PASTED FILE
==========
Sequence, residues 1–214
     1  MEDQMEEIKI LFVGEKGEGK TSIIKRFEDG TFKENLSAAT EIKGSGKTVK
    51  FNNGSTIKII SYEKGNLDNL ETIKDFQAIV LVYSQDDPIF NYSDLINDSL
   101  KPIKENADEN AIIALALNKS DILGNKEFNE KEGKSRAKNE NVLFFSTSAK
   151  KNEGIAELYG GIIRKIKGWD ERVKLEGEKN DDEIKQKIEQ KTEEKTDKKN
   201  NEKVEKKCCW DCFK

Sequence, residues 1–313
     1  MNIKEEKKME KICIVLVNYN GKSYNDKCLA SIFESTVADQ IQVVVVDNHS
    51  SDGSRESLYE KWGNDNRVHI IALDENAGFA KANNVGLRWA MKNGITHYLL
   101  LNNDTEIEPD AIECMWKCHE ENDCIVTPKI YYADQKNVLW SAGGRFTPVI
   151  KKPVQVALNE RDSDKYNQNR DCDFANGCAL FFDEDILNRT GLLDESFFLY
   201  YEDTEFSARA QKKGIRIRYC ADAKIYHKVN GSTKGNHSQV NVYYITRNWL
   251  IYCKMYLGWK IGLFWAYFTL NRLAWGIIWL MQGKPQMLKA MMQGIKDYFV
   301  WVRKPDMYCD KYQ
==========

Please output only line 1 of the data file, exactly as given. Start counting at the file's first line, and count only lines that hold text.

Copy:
Sequence, residues 1–214